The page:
Col­lec­tion of cam­paign me­men­tos pro­vides a tour through his­tory

Daily Local News (West Chester, PA) - - FRONT PAGE - By Joe Bar­ron jbar­ron@timesher­ald.com @JoeBar­ron on Twit­ter

UP­PER ME­RION >> The name Al­ton B. Parker is prob­a­bly un­known to most of the vot­ers who will cast their bal­lots for pres­i­dent Nov. 8, but in 1904, he was as fa­mous as ei­ther Hil­lary Clin­ton or Don­ald Trump. Parker, a New York state judge, was the Demo­cratic nom­i­nee for the na­tion’s high­est of­fice that year. He lost to Theodore Roo­sevelt in a land­slide.

While the coun­try might have for­got­ten Parker, Rus­sell Ru­bert of King of Prus­sia has not. Ru­bert can even name Parker’s run­ning mate. It was Henry G. Davis, who, at 80, might be the old­est man ever to stand for the vice pres­i­dency.

Ru­bert, pres­i­dent of the Norristown Preser­va­tion So­ci­ety and a board mem­ber of the King of Prus­sia His­tor­i­cal So­ci­ety, is an avid col­lec­tor who has turned his home on Hil­lview Road into a show­case for View Mas­ter view­ers, an­tique tele­phones, and, most re­cently, po­lit­i­cal cam­paign but­tons, which he has painstak­ingly mounted on a pair of dis­play trip­ty­chs.

“I haven’t counted them,” he said in an in­ter­view, “but I’ve got at least a cou­ple for ev­ery can­di­date from at least the 1896 elec­tion on up.”

Ac­cord­ing to Ru­bert, 1896 was the year cam­paign but­tons be­gan to be mass-pro­duced. It was also the year Repub­li­can Wil­liam

“I haven’t counted them, but I’ve got at least a cou­ple for ev­ery can­di­date from at least the 1896 elec­tion on up.” — Rus­sell Ru­bert, King of Prus­sia res­i­dent and po­lit­i­cal but­ton col­lec­tor

McKin­ley beat Demo­cratic Wil­liam Jen­nings Bryan in the race for the White House.

Not all of Ru­bert’s but­tons are gen­uine. Many are re­pro­duc­tions, which he some­times prefers be­cause they are less ex­pen­sive than the orig­i­nals. The old­est he has been able to ver­ify as au­then­tic, which dates from 1920, is a metal lapel pin em­bossed with the name “Cox,” for James M. Cox, who ran un­suc­cess­fully against War­ren Hard­ing. In a vis­ual pun, it is shaped like a rooster.

Another au­then­tic jewel, from 1936, bears the name of Repub­li­can Alf Lan­don and is trimmed with felt sun­flower leaves, sym­bol of Kansas, Lan­don’s home state.

“You never know,” Ru­bert said about an item’s authen­tic­ity, but “the Alf Lan­don one, that’s un­de­ni­able.”

Ru­bert has built his col­lec­tion by haunt­ing garage sales and flea mar­kets, and of course, cruis­ing the in­ter­net.

“The in­ter­net has been the big thing,” he said. “I don’t go out search­ing for them all the time, be­cause if I did that, I’d have a mil­lion but­tons.”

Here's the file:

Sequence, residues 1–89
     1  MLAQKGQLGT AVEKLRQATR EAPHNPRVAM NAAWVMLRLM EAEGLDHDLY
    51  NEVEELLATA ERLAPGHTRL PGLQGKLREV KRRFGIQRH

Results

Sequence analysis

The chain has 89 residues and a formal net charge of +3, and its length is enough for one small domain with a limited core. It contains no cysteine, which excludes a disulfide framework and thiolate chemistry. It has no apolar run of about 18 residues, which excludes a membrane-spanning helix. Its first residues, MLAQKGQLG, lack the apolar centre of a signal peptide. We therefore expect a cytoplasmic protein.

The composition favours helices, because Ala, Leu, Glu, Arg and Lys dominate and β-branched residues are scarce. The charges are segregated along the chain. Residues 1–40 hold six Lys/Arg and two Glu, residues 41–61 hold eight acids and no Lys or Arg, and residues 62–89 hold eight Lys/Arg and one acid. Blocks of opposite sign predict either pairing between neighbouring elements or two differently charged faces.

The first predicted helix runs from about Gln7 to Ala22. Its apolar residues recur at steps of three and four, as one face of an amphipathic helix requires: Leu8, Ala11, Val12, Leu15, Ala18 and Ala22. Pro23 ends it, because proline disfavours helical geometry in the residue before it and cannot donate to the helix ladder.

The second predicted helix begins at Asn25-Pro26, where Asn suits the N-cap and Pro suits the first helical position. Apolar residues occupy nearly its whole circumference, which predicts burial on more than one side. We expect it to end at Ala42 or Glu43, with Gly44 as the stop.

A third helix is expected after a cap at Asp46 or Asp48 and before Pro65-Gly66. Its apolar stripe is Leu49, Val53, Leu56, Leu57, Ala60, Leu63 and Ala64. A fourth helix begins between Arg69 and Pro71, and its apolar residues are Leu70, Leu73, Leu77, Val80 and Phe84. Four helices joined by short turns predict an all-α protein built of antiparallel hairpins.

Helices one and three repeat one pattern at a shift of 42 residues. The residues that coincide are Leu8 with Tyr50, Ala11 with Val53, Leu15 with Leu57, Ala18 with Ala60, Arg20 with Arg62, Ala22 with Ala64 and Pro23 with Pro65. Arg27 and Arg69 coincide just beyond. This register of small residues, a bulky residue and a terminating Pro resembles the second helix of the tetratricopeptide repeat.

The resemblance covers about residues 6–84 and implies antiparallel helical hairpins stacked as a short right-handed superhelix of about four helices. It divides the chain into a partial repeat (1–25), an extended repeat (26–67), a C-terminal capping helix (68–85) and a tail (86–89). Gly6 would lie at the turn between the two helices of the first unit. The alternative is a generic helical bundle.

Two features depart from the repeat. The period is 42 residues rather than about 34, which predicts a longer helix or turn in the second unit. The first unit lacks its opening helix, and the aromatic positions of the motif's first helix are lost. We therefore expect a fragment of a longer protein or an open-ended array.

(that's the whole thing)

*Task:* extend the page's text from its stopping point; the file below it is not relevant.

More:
He also has a few se­lec­tion cri­te­ria to keep his col­lec­tion from get­ting too big. For ex­am­ple, he pur­chases only those but­tons of­fi­cially is­sued by a cam­paign, a lim­i­ta­tion he deems es­sen­tial in an age when any­one can make their own but­tons us­ing a com­puter at home.

Nev­er­the­less, the num­ber of pres­i­den­tial hope­fuls over the years en­sures an ever-ex­pand­ing col­lec­tion, es­pe­cially since it in­cludes many can­di­dates who did not win their party’s nom­i­na­tion. One but­ton, from 1976, dis­plays the names of Ronald Re­gan and Penn­syl­va­nia Sen. Richard Sch­weiker, who lost the Repub­li­can nom­i­na­tion that year to Ger­ald Ford and Bob Dole. Another, from the 1968 pri­maries, pro­motes Hubert Humphrey for pres­i­dent with Robert F. Kennedy as his run­ning mate.

Ru­bert also owns sev­eral is­sue-ori­ented but­tons, such as once from 1940 op­pos­ing Franklin Roo­sevelt’s un­prece­dented run for a third term.

From a purely aes­thetic stand­point, his fa­vorite comes from Richard Nixon’s 1972 cam­paign. He voted for Ge­orge McGovern that year, he said, but he likes the but­ton for its stark type­face and its rich colors. It was also easy to find on the web.

“Blue and red Nixon but­tons were all over the place,” he said.

A man of such var­ied in­ter­ests brings a great deal of prior knowl­edge to the art of col­lect­ing, but Ru­bert is still oc­ca­sion­ally sur­prised by what he learns. In ad­di­tion to pres­i­den­tial cam­paigns, he col­lects but­tons from Penn­syl­va­nia’s gubernatorial races, and not long ago, he dis­cov­ered he had over­looked a small item of re­cent po­lit­i­cal his­tory.

“I try to keep up,” he said, “but I didn’t know some guy named Mike Stack is lieu­tenant gover­nor of Penn­syl­va­nia.”


Rus­sell Ru­bert, pres­i­dent of the Norristown Preser­va­tion So­ci­ety and board mem­ber of the King of Prus­sia His­tor­i­cal So­ci­ety, stands in front of a dis­play of his­tor­i­cal pres­i­den­tial cam­paign but­tons at his home in King of Prus­sia on Oct. 8.

Demo­crat Al­ton B. Parker ran for pres­i­dent against in­cum­bent Theodore Roo­sevelt in 1904. His run­ning mate was 80-year-old Henry Davis. This cam­paign but­ton is a re­pro­duc­tion.

This but­ton, from Richard Nixon’s 1972 cam­paign, is one of Rus­sell Ru­bert’s fa­vorites, though more for its de­sign than the can­di­date.

Alf Lan­don and Frank Knox ran against in­cum­bent Franklin Roo­sevelt in 1936. The felt sun­flow­ers on this rep­re­sent Kansas, Lan­don’s home state.


This rooster-shaped lapel pin from 1920 pro­motes the pres­i­den­tial can­di­dacy of Demo­crat James Cox.

Newspapers in English

Newspapers from USA

© PressReader. All rights reserved.